Friday, August 12, 2011


Taraaweeh and Tahajjud are two sets of naafilah, supererogatory prayers mostly observed by Muslims in Ramadan. Taraaweeh is performed immediately after the Ishaa prayers; Tahajjud (otherwise called Qiyaam) is offered much later, starting, usually, around midnight, and ending within the period of Suhur, before the Subhi prayers.

What is the Sunnah in observing Taraaweeh or Tahajjud? Do I have to offer both or observing one of the two will suffice? Is there a limit to the number of raka’aat to be performed? What portion of the Qur’an should be read in such prayers? Are all the supplications we hear during the last part of Taraaweeh and Tahajjud sanctioned by the Law Giver, or there is an element of innovation in them?

On the authority of ‘Aishah, may Allah be pleased with her, who said: ‘The Messenger of Allah has never exceeded 11 rak’ah (during his night prayers) be it in Ramadan or in any other time; he would offer four (raka’aat); how beautiful and prolonged were they! Then, he would offer (another set of) four (raka’aat) in the same beautiful and prolonged fashion. Afterwards, he would perform three (raka’aat).’ ‘Aishah further said: ‘I said, O Messenger of Allah! Do you go to bed before saying your witr prayers? He said: ‘O ‘Aishah! If my eyes sleep, my heart does not sleep.’

In the above, reported in both Bukhari and Muslim, is proof that the Messenger of Allah, peace and blessings of Allah be upon, used to offer only 11 (eleven) raka’aat in Ramadan. There is no blame on those who offer more than that; but what is better and closer to the Sunnah is for one to offer not more than 11 (eleven) rak’ah as did the Messenger, peace and blessings of Allah be upon.

In another narration on ‘Aishah’s authority: the Messenger (SAW) used to offer 10 (ten) raka’aat in the night, perform his witr and then observe his rak’ataiyil fajr, thus making a total of 13 (thirteen) rak’ah.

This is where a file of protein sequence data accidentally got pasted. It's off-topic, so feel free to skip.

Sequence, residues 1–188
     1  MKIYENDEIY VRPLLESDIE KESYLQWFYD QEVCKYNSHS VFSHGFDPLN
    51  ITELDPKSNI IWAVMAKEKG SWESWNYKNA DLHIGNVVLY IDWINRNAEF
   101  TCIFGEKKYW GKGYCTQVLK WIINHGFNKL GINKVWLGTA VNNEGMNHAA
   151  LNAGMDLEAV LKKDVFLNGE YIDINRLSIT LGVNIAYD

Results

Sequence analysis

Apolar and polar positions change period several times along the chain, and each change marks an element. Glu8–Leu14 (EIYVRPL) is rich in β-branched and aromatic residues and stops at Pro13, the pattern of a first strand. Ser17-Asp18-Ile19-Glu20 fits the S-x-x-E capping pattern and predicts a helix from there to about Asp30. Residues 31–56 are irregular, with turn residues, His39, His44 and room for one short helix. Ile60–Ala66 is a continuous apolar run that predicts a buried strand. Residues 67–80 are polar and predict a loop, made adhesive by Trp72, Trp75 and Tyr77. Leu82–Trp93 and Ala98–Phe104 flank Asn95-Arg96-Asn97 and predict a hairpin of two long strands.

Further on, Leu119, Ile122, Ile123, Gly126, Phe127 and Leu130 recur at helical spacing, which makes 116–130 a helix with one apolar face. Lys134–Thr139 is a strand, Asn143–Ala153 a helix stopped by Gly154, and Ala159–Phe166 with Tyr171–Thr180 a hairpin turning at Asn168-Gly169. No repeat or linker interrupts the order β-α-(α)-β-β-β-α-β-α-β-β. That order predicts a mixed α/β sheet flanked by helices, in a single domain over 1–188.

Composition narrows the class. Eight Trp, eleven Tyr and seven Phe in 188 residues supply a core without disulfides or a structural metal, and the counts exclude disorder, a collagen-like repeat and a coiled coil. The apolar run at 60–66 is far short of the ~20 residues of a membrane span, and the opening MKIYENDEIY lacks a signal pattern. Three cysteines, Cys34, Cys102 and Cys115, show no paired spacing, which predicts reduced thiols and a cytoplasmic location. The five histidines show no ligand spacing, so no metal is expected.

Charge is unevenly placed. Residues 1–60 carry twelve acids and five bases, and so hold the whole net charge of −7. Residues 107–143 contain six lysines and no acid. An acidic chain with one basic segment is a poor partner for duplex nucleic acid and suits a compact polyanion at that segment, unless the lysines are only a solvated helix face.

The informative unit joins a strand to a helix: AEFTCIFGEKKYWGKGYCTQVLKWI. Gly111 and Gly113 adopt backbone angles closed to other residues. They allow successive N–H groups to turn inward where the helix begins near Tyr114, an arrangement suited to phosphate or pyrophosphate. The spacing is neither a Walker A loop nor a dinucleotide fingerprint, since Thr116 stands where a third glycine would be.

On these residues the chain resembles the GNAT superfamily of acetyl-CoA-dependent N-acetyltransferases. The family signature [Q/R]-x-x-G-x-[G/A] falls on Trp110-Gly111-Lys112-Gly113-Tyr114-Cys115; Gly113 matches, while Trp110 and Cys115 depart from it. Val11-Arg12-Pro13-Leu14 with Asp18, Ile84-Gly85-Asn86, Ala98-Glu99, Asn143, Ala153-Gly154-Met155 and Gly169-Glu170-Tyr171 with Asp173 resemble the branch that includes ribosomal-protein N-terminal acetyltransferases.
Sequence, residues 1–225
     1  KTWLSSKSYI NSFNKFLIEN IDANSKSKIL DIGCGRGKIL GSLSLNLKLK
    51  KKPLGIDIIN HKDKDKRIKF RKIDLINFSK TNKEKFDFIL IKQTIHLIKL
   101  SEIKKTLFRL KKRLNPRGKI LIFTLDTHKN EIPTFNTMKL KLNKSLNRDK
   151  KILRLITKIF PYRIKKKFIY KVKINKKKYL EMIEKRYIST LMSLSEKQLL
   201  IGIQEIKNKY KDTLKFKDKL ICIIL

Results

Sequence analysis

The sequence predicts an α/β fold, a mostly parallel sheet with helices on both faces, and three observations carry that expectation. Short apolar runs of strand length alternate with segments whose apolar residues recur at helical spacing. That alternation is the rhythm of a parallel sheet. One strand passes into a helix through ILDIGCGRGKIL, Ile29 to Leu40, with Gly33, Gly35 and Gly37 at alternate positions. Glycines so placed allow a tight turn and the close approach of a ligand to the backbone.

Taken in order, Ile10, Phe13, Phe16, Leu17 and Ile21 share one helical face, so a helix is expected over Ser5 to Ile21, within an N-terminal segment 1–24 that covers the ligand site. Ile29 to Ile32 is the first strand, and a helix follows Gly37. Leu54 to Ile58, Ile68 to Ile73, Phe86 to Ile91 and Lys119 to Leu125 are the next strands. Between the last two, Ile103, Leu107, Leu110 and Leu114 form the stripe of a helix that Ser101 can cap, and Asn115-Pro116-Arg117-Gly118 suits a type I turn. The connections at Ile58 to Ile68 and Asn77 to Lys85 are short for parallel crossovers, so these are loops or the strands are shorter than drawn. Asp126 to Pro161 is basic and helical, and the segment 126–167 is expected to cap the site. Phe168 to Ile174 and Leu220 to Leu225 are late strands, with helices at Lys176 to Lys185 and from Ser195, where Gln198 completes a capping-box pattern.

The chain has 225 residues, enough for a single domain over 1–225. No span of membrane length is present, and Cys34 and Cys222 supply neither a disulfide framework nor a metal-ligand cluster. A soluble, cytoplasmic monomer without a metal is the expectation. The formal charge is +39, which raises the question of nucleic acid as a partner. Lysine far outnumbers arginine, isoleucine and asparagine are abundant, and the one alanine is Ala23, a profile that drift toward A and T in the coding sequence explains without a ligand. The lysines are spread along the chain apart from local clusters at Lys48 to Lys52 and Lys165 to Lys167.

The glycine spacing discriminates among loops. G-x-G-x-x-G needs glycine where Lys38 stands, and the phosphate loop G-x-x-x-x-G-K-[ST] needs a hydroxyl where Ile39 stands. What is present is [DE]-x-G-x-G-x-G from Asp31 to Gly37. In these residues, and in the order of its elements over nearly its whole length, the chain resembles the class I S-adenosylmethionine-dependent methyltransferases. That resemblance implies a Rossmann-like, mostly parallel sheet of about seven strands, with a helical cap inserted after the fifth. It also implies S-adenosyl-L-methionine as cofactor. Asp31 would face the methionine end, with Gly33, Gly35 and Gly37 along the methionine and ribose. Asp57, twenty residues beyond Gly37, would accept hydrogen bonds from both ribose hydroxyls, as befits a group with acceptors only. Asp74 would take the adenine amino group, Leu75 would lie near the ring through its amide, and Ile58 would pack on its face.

It should be clear, from the above tradition, to those who assume the Messenger of Allah (SAW) to be offering 13 (thirteen) raka’aat in the night, that rak’ataiyil fajr that has two rak’ah units was added to his normal 11 (eleven) to complete the number to 13 (thirteen). There is no discrepancy in this. His night prayers remain 11 (eleven) raka’aat.‘Aishah also reported the Messenger of Allah (SAW) to be offering 13 (thirteen) raka’aat and observing his witr in the last five sitting only at the tail end of the final (thirteenth) rak’ah. This further strengthened the earlier narration about the Messenger of Allah (SAW) including rak’ataiyil fajr in his night prayers as discussed.

Now we come to the issue of observing Taraaweeh at the early part of the night and offering Tahajjud or Qiyaam in the latter part the night that we see in mosques within and outside Nigeria. The quoted traditions above have shown what the Sunnah of the Prophet is in that regard. In fact, there is not a single authentic Hadeeth or a narration from any of the Prophet’s companions or those who came after them, showing that both Taraaweeh and Qiyaam were offered in the same night in congregation. What will be more rewarding for anybody is to offer either of the two and remain within the precincts of the Sunnah as practiced by the Messenger of Allah, peace and blessings of Allah be upon him.

Offering up to 23 (twenty three) raka’aat in Ramadan as we see via satellite television in some countries is allowed but, as I’ve stated in this piece, that is not in line with the custom and practice of the Messenger (SAW) who never exceeded 11 (eleven) rak’ah during Ramadan or any other time. Offering 11 (eleven) rak’ah in total tranquillity, consciousness of Allah and pondering over the meaning of the verses read is better than the difficulty worshippers undergo in hastening to complete 23 (twenty three) raka’aat daily.